A private burial took place on Nov. 10 at Calverton National Cemetery, the burial place of Mr. Wren, who died in 2008.  The family has requested that, in lieu of flowers, donations be made in Ms. Wren’s name to the Alzheimer’s Association.

Ms. Wren is survived by her siblings, Suzanne Rouse Stern of Kingston, NY, and Kendall Rouse of Madison, WI., as well as by her four children, C. Gayden Wren III of Steinway, N.Y., Kendall C. Wren of Hoboken, NJ, Carrie Prystalski of La Grange, IL, and Lauris P. Wren of Kew Gardens, as well as by five grandchildren: Lenny, Ben, Mary and Katie Prystalski of La Grange and Max Mills-Wren of Kew Gardens.

“The two things she loved most were her family and books,” her son Gayden said. “Books and words meant the world to her, and she passed on that love to her children and grandchildren, as well as to her students at Adelphi. Her favorite author was Jane Austen, her favorite book Pride and Prejudice, but she also was a devotee of modern novels and contemporary poetry, as well as a fan of modern art, grand opera, 1960s rock ‘n’ roll and classic country music.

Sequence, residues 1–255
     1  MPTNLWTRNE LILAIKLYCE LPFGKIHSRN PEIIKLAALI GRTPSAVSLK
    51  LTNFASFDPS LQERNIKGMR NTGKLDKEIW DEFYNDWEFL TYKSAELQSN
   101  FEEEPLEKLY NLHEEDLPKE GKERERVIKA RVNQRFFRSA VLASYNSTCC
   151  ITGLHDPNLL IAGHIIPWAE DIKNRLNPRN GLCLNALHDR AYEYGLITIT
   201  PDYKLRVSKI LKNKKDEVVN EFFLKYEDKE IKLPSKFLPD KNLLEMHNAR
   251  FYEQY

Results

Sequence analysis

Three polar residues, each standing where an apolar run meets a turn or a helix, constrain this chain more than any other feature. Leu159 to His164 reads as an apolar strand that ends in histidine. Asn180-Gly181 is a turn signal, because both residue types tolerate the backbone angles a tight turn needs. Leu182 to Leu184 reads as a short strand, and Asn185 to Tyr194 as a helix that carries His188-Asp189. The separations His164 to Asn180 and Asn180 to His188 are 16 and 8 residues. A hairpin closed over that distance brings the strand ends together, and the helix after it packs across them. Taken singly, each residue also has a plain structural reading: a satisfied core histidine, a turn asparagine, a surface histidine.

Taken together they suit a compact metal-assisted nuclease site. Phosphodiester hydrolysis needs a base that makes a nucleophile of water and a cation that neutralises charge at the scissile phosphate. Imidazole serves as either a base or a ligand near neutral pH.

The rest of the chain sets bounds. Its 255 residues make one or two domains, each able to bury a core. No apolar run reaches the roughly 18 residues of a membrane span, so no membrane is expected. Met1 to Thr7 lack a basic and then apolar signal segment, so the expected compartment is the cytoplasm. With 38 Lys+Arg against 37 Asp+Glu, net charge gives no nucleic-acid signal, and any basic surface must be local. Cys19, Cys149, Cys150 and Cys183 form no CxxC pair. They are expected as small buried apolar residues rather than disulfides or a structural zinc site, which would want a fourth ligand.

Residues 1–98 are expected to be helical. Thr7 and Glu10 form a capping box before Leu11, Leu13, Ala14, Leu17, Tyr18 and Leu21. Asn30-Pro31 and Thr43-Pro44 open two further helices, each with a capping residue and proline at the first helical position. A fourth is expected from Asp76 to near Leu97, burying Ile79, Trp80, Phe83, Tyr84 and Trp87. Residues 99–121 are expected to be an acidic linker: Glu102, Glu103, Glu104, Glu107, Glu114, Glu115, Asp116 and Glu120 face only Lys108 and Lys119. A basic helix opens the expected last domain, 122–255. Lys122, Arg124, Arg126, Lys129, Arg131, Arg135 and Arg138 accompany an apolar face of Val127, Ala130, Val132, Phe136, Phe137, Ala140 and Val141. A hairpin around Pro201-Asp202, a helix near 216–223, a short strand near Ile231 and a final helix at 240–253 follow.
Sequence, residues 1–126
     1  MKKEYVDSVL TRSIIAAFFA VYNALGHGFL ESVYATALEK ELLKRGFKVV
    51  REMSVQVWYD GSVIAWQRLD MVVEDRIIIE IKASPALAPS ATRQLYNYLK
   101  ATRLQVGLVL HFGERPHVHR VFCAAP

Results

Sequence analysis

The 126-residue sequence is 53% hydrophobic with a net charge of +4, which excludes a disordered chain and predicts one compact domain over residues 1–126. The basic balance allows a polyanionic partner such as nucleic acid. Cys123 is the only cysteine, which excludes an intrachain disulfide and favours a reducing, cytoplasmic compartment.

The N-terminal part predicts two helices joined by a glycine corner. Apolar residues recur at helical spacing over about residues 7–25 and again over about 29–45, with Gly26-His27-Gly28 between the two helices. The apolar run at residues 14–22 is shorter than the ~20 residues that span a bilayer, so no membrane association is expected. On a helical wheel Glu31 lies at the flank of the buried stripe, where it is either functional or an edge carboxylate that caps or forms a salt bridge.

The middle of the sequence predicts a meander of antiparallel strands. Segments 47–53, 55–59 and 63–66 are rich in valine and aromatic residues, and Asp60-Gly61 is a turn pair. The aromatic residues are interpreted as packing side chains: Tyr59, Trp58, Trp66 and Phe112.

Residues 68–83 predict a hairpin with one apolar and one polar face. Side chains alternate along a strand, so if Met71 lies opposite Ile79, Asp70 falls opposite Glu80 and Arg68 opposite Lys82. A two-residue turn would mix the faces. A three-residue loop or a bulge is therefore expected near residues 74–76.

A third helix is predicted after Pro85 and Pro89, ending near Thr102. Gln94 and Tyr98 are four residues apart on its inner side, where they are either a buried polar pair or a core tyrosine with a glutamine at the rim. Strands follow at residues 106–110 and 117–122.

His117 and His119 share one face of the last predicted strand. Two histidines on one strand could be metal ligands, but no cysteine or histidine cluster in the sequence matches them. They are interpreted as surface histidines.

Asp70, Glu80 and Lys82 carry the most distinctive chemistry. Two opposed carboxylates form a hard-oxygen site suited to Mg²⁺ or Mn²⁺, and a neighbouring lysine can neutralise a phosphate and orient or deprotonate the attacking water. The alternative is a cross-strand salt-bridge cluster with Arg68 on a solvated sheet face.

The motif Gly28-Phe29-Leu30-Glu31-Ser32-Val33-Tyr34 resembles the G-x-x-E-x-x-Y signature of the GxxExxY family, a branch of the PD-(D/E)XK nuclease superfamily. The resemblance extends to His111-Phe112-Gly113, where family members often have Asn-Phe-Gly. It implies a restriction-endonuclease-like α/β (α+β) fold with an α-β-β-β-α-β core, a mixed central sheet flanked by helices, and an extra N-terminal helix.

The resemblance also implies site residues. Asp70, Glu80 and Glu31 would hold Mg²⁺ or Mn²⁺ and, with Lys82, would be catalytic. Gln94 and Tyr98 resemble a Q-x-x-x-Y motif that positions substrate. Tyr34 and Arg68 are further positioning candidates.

“All her children are readers,” he concluded, “and all of us are musicians. That love of the arts is surely her greatest legacy to us.”

News

The Senior Center Expansion and Rehabilitation Project took a major step forward this month when the Garden City Board of Trustees unanimously voted in a special meeting to accept the gift of the model house from the Doubleday Court Development on Franklin Avenue. Project developers, The Engel Burman Group, graciously donated the house to the